Speakout: MEMRI’s Systematic Distortions
|Tuesday, March 28,2006 00:00|
|By Rima Barakat|
As soon as the word came out regarding the upcoming visit to Denver of Dr. Ekrima Sabri, the Grand Mufti of Jerusalem and Palestine, the American Jewish Committee and the Anti-Defamation League sprang into action to disrupt the visit. Both groups immediately sent letters accusing the Grand Mufti of being anti-Semitic and asking co-sponsors to withdraw their support. A press release was sent to the media denouncing the visit. The finishing touches were in News columns by Vincent Carroll (March 7) and Dave Kopel (March 11) that simply seconded the pro-Israeli lobby sentiment. All of their "evidence" seemed to be a regurgitation of the same quotes and accusations. This leads me to suppose that the critics either carbon-copied each other’s statements or that they acquired most of their "translation" from one special source: The Middle East Media Research Institute.
Academics as well as professional journalists have repeatedly censured the organization’s quality and integrity. Brian Whitaker of the Guardian questioned the honesty of some "translations" posted by MEMRI. Whitaker, specifically, referred to an interview with the Grand Mufti of Jerusalem Sheikh Ekrima Sabri by Al-Ahram Al-Arabi in Oct. 2000 - the same interview quoted by the ADL, the AJC and Carroll.
Al-Ahram: Q: How do you deal with the Jews who are besieging al-Aqsa and are scattered around it?
A: I enter the mosque of Al-Aqsa with my head up. . .I have never greeted them when I came near one. I never will.
MEMRI’s version: Q: How do you feel about the Jews?
A: I have never greeted a Jew when I came near one. I never will. They cannot even dream that I will. The Jews do not dare to bother me.
It is worthy to note that Carmon has admitted this "translation" mistake. Still, it remains uncorrected on his website.
In another instance, Halim Barakat (no relation), a professor at Georgetown University, published an article in Al-Hayat Daily of London titled "The wild beast that Zionism created: Self-destruction." By the time MEMRI "translated" it, the title was distorted to "Jews have lost their humanity." Barakat objected, "Every time I wrote Zionism, MEMRI replaced the word by Jew or Judaism. They want to give the impression that I’m not criticizing Israeli policy, but that what I’m saying is anti-Semitic." It seems obvious that MEMRI is adamant on stigmatizing anyone who criticizes Israel and/or Zionism as being anti Jewish.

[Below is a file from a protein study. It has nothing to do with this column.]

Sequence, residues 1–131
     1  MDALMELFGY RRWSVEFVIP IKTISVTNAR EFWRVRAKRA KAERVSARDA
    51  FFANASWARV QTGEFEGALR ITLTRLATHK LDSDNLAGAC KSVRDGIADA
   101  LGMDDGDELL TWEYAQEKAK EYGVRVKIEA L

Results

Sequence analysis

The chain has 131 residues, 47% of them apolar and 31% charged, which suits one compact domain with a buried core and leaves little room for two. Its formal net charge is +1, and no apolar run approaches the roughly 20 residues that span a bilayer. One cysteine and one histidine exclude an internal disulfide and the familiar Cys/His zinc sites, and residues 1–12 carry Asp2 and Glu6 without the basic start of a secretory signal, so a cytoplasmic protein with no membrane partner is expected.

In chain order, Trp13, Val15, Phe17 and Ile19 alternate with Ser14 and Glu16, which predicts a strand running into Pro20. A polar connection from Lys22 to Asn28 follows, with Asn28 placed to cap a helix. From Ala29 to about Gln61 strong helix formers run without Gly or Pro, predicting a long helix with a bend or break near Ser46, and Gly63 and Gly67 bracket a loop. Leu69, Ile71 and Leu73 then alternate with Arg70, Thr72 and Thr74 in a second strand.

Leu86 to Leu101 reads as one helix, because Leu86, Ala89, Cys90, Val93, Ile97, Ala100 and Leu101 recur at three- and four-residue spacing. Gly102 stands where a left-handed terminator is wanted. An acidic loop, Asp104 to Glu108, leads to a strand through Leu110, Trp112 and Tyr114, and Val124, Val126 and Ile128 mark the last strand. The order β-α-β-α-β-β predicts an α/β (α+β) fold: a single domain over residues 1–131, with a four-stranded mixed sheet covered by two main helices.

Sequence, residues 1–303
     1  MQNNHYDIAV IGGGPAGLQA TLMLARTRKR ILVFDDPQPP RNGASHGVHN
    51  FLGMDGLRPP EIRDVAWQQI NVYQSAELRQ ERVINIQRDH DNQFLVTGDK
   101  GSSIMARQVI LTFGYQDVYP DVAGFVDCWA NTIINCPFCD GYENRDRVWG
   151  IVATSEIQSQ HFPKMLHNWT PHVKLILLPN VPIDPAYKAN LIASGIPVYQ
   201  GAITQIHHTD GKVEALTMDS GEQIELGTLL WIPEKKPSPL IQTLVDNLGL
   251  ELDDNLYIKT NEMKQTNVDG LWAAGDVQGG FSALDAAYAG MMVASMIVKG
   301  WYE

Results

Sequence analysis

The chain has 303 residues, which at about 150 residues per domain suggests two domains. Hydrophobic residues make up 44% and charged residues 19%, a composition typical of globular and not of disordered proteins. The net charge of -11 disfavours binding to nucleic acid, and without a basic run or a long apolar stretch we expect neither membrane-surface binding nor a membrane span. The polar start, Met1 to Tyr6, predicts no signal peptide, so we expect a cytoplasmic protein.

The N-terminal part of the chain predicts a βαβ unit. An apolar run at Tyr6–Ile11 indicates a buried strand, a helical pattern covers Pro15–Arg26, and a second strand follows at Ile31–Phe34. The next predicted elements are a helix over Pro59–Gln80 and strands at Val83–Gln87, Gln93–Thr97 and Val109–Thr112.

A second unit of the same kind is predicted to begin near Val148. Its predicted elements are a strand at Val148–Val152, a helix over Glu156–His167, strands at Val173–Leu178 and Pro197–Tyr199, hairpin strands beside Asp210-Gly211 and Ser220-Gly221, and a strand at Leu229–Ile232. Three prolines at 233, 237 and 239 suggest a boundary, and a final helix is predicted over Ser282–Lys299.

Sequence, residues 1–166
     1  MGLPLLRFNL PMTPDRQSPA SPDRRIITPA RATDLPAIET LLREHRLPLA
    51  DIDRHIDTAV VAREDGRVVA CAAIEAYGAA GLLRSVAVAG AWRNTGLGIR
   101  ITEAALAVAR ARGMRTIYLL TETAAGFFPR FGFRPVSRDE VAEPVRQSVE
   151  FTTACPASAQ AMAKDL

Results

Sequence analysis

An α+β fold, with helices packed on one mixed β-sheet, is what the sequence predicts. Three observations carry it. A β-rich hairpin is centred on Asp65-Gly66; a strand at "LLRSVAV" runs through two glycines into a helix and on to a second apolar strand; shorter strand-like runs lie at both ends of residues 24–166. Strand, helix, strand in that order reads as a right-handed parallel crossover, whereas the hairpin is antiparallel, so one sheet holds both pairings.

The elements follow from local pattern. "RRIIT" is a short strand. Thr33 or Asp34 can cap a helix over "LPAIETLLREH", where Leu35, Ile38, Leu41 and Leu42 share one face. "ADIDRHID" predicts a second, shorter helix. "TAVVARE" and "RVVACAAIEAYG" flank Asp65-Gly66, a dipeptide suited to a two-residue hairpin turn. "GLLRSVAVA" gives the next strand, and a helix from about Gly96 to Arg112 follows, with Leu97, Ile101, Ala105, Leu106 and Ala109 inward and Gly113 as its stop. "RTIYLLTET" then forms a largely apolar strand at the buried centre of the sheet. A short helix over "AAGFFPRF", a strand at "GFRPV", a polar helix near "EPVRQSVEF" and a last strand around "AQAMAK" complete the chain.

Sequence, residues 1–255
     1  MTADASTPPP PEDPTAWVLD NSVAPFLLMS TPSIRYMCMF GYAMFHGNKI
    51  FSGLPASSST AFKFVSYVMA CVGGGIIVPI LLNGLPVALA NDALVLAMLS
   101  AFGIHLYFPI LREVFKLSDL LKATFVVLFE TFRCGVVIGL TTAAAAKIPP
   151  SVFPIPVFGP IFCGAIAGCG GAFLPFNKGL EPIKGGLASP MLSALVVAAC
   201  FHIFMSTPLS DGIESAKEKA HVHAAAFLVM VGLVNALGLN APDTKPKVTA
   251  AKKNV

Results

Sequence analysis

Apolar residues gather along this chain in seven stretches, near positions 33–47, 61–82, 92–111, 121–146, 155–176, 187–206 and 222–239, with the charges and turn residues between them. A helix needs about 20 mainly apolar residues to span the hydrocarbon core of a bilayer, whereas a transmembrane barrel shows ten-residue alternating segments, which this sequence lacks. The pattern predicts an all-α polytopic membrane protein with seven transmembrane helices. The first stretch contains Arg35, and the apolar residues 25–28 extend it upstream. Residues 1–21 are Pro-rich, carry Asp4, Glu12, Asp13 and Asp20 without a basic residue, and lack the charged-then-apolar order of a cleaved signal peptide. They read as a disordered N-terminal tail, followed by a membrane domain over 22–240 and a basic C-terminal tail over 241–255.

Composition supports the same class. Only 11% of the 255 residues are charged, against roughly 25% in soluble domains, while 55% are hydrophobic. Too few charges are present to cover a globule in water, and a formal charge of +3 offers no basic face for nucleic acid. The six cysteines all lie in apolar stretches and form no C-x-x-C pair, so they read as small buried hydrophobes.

Similar conclusions were echoed in the January 2005 Greater London Authority report. A study was commissioned to investigate the "Islamic conspiracy dossier." This dossier was compiled to defame a renowned Muslim scholar and was presented to British officials in an attempt to prevent a renowned Muslim scholar, Sheikh Yusuf al-Qaradawi, from entering Britain to participate in a London conference. The report found that "nearly all the distortions came from material produced by the Middle East Research Institute."
Today, the standards of Israeli-Palestinian political and religious discussions have been redefined by pro-Israeli organizations that are working amongst us. If non-Jews voice disagreement with Zionist ideology or expressed moral outrage against Israeli oppressive policies, they are immediately accused of being anti-Semitic and /or anti-Jewish. If one happens to be Jewish, one is branded as being "fringe" or a "self-hating" Jew.
The continuous attempts of the AJC and the ADL to hinder frank academic discussions pertaining to Israeli government policies may further undermine their credibility. Last October, pro-Israeli organizations tried to interfere with the Friends of Sabeel conference in Denver. Priests and academics were, again, accused of being anti-Semitic or "fringe" Jews. Co-sponsors were asked to withdraw. Among the 70-plus co-sponsors, nobody withdrew.
Sabri’s visit offered the opportunity for Christians representing many denominations,who gathered recently, alongside their Muslim brethren, to hear his message. He told us that his "Hands are extended with love and peace" and so should ours be.
We pray and hope that political negativity and Islamophobic stands would not cause the local Muslim-Jewish communities to miss future opportunities to foster greater mutual understandings.
Rima Barakat is a Denver-area Muslim activist.